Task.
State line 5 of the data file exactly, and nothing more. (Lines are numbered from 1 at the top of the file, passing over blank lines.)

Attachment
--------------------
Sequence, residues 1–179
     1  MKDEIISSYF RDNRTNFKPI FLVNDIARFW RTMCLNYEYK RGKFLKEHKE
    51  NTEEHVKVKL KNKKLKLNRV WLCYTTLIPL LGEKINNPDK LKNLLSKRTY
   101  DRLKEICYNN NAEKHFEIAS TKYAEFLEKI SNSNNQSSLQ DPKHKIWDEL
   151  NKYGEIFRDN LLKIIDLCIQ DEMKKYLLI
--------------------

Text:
   151  NKYGEIFRDN LLKIIDLCIQ DEMKKYLLI